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Spyblaster ??????

1458 Views 6 Replies 3 Participants Last post by  tetonbob
Hi All

Looking for some professional opinions please - I have Norton Anti Virus installed and have also downloaded Ad Aware and Spyblaster ( after taking advice from this very good forum called tech support :pray: !!!! )

I assumed that Spyblaster would be preventing any "nasties" getting in - and ad aware would pick up anything that did manage to slip through. However Spyblaster never seems to do anything and when I run Ad Aware theres always loads of stuff I need to delete. So I am asking if its worth even having spyblaster at all ?

I assume that Norton is doing its job as its picked up and chucked out a few Trojan Horses !!! ( this was when I was trying to upload a website )
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Spyblaster is just a small preventive program. All it does is put the sites in its database in the blocked sites list in Internet Explorer or Mozilla. Also prevents a bunch of bad activex controls from automatically starting. That is about all it does.
We're talking about SpywareBlaster, right?

And....what exactly is it that Ad-Aware is finding? Tracking Cookies? Or more sinister items?

SpywareBlaster does this:

# Prevent the installation of ActiveX-based spyware, adware, browser hijackers, dialers, and other potentially unwanted software.
# Block spyware/tracking cookies in Internet Explorer and Mozilla/Firefox.
# Restrict the actions of potentially unwanted sites in Internet Explorer.

But it must be updated manually unless one pays for the autoupdate.

Spyblaster is something entirely different.
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sorry sorry sorry - its Spyware Blaster I am talking about.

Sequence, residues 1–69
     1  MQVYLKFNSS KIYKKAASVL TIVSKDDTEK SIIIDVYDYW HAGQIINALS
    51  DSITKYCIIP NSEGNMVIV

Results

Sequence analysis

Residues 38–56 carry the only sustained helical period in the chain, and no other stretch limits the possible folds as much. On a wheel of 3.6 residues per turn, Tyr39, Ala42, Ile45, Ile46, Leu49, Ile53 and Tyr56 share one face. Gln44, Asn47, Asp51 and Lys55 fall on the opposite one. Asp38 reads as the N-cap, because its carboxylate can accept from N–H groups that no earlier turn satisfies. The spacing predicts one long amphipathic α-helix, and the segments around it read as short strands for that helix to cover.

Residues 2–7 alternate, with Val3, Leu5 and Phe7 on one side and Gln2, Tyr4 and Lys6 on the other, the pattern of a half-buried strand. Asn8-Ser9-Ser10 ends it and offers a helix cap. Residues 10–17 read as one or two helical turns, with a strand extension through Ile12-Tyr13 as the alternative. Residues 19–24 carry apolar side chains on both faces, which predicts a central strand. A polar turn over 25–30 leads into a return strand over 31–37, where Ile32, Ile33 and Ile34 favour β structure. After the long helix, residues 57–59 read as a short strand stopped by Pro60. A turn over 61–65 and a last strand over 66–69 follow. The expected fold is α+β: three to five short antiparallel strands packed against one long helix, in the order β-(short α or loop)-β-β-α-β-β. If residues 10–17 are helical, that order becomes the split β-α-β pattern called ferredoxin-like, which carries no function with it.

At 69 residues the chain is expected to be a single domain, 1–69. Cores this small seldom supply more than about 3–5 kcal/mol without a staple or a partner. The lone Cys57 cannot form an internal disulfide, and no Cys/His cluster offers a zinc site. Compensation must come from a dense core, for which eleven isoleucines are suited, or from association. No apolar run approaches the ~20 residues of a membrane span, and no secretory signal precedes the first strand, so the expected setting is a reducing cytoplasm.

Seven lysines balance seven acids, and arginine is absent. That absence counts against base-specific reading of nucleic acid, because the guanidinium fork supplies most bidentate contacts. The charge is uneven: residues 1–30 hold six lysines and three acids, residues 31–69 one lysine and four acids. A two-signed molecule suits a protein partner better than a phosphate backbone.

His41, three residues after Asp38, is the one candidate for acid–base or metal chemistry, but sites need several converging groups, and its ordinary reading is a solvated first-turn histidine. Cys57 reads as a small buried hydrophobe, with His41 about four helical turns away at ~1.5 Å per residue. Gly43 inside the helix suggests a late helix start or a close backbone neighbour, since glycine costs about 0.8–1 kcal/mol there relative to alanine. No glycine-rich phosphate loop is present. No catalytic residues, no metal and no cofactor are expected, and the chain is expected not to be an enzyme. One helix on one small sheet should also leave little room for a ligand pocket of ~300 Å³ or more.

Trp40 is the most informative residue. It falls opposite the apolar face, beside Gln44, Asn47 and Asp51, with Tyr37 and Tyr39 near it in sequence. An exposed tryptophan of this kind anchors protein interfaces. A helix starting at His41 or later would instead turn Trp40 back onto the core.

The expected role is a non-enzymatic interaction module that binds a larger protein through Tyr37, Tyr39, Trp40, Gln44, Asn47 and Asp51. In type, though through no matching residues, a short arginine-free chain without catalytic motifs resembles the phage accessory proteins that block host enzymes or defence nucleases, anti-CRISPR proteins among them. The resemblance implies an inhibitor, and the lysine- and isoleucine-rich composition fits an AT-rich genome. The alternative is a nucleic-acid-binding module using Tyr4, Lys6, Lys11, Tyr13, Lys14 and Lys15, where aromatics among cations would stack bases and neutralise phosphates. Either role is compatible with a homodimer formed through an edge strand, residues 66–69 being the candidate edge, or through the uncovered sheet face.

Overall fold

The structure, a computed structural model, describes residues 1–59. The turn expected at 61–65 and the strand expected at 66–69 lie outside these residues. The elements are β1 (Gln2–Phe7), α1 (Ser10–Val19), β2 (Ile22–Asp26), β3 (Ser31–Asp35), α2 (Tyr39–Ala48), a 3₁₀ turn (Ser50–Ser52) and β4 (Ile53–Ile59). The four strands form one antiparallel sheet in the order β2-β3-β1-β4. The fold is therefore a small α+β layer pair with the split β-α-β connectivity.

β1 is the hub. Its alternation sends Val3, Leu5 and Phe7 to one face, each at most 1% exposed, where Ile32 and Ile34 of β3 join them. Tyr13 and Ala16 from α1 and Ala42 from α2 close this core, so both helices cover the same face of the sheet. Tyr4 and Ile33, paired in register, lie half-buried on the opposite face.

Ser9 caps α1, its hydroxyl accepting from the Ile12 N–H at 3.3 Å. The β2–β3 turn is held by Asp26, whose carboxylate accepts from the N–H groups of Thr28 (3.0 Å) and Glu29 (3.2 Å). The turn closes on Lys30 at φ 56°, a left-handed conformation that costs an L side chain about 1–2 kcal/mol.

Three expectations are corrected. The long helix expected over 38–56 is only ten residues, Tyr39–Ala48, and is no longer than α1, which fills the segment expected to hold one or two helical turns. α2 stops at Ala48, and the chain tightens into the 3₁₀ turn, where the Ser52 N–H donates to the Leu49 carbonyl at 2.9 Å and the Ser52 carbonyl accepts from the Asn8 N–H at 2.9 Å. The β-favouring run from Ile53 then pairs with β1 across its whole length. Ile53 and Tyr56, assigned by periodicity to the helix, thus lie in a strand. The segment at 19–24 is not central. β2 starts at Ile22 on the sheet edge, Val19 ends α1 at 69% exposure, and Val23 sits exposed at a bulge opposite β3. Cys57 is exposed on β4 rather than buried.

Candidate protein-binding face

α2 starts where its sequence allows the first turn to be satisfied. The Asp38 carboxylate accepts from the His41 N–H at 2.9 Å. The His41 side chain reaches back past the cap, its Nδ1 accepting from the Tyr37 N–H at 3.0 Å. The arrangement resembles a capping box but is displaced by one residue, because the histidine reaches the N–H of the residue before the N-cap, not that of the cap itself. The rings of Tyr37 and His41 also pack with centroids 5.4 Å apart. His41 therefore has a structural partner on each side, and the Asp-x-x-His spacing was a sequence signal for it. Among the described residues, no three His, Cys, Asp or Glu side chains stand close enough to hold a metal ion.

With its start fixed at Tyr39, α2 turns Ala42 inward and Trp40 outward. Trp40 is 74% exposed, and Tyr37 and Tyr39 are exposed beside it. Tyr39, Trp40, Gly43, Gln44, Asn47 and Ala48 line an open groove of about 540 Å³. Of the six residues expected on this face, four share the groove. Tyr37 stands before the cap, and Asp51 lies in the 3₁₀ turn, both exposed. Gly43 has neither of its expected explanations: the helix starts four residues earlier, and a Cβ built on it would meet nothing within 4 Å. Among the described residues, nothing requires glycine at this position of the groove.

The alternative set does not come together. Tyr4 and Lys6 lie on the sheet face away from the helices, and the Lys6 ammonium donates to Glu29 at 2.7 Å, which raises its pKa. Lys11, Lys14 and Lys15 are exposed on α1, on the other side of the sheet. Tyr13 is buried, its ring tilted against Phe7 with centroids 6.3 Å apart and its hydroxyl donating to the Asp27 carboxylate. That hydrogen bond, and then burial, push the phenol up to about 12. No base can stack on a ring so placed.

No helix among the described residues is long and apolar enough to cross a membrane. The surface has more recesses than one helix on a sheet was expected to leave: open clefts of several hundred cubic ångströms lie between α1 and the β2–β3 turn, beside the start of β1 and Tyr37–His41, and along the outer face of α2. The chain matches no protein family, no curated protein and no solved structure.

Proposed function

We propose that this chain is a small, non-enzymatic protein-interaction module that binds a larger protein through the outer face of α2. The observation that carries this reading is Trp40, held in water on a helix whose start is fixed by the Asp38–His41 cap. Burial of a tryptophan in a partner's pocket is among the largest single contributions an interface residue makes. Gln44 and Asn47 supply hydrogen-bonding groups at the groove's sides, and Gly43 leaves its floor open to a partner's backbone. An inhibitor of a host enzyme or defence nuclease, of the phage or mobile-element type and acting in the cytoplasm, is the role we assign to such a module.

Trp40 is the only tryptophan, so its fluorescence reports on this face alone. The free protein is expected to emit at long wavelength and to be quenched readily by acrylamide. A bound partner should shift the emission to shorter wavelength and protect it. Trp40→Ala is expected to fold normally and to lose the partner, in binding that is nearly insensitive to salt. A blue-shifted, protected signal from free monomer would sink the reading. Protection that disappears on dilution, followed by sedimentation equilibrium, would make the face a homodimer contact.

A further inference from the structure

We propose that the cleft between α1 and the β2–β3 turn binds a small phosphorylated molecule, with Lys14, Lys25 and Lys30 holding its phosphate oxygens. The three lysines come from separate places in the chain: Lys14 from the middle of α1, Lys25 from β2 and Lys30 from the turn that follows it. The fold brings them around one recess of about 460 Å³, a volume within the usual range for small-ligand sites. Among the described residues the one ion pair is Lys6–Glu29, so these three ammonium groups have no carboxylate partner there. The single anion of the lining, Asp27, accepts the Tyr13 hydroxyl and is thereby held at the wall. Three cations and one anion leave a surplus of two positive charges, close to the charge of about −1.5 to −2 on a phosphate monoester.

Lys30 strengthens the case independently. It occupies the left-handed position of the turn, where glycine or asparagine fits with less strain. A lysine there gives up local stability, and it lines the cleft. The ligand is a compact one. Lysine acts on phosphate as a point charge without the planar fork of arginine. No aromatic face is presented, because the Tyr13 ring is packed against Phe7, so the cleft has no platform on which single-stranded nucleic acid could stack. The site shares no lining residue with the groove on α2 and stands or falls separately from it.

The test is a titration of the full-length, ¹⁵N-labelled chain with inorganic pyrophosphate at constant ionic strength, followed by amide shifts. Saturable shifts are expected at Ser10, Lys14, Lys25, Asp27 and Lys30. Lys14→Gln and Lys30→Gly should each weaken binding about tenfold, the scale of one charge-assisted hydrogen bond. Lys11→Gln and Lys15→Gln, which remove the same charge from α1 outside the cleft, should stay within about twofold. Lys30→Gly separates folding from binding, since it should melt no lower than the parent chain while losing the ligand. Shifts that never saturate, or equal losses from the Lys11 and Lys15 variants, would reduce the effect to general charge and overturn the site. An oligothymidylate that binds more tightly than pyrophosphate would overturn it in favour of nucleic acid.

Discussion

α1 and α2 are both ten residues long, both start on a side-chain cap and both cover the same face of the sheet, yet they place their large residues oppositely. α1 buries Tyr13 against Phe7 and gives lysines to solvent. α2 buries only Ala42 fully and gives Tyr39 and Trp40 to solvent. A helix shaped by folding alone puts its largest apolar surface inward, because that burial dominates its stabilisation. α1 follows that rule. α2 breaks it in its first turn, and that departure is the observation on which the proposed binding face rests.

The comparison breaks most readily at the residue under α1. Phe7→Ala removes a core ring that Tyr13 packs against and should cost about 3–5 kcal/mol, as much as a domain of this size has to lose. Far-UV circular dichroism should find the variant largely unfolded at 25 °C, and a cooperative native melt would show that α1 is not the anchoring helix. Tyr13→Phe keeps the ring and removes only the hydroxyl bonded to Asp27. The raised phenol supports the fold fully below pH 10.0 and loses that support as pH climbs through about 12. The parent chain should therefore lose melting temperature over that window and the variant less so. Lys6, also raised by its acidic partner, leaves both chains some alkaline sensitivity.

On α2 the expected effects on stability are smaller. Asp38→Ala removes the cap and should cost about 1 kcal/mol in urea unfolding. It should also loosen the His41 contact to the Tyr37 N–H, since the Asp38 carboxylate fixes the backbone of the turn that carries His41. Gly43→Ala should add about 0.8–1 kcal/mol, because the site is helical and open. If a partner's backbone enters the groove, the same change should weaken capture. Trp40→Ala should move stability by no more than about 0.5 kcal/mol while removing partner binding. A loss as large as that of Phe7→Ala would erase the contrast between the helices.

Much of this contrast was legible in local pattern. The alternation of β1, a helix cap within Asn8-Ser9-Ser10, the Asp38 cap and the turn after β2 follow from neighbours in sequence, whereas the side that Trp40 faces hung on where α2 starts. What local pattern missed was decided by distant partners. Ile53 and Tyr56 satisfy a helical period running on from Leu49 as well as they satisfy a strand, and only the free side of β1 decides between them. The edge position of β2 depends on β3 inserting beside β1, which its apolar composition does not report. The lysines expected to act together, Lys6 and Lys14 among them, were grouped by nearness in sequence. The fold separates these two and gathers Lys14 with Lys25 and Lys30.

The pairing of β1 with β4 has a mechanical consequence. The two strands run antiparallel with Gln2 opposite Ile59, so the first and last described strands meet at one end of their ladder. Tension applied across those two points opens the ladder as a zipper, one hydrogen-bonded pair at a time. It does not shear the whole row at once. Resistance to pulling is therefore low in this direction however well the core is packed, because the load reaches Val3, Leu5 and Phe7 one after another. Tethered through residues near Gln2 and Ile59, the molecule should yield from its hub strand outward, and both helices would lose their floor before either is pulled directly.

Have jsut ran Ad Aware so I can give you full details - it came back with 6 critical objects which were all tracking cookies and 16 negligible objects which all were MRU list ( I dont know what that means ?? )

So I dont get why the spyware blaster didnt prevent the tracking cookies from getting in in the first place ???

Confused !!!!
There's just way too many tracking cookies out there. For the most part, they aren't seriously malicious. SpywareBlaster does block quite a few, but as cheesecheeks said, it's main goal is blocking malicious ActiveX controls from being installed. It does this quietly, in the background, without using system resources.

Cookies get placed on your machine from nearly every site you go to.

Cookies are nothing to be worried about. They get installed on your computer everytime you visit any webpage. Now some of those are good cookies that get installed for ease of use for next time you visit the same page, but some cookies are spyware used for tracking users surfing habits.

Most of those cookies are third party cookies that can be blocked:

In Firefox go to Tools > Options > Privacy > Cookies

Click the small triangle next to cookies to expand that tab and put a check next to "for the originating website only". This will prevent third party cookies from being installed on your computer.

In IE go to Tools > Internet Options > Privacy and click on Advanced in the Privacy tab

Now put a check next to "Override automatic cookie handling"

Set first party cookies to Accept and third party cookies to Block

Also put a check to "Always allow session cookies" OK your way out.

This won't prevent all bad cookies from being installed, but will reduce the amount.

From the official SpywareBlaster support forum:

SpywareBlaster is a preventative program. It sets flags in the registry to prevent the running of a specific list of bad spyware related ActiveX controls. This includes general spyware and malicious dialers. It also blocks a list of known spyware related cookies in IE6. SpywareBlaster should be run periodically, say once a week, to check for updates to its database. Other than that it doesn't need to be running to provide protection, so there are no processes run either at startup or in the background.

MRU is Most Recently Used lists of programs/files, etc....used by Windows.

Most Recently Used (MRU) is a term used in computing to refer to the list of programs or documents which were last accessed. It can be of convenience since it allows you to quickly see and access the last few used files and documents. But could also be considered bad in terms of privacy.
All is well. Remain calm.

Happy Computing!
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You guys really know your stuff - thanks a million !!

I am one step away from novice now - I am a novice and learning !!
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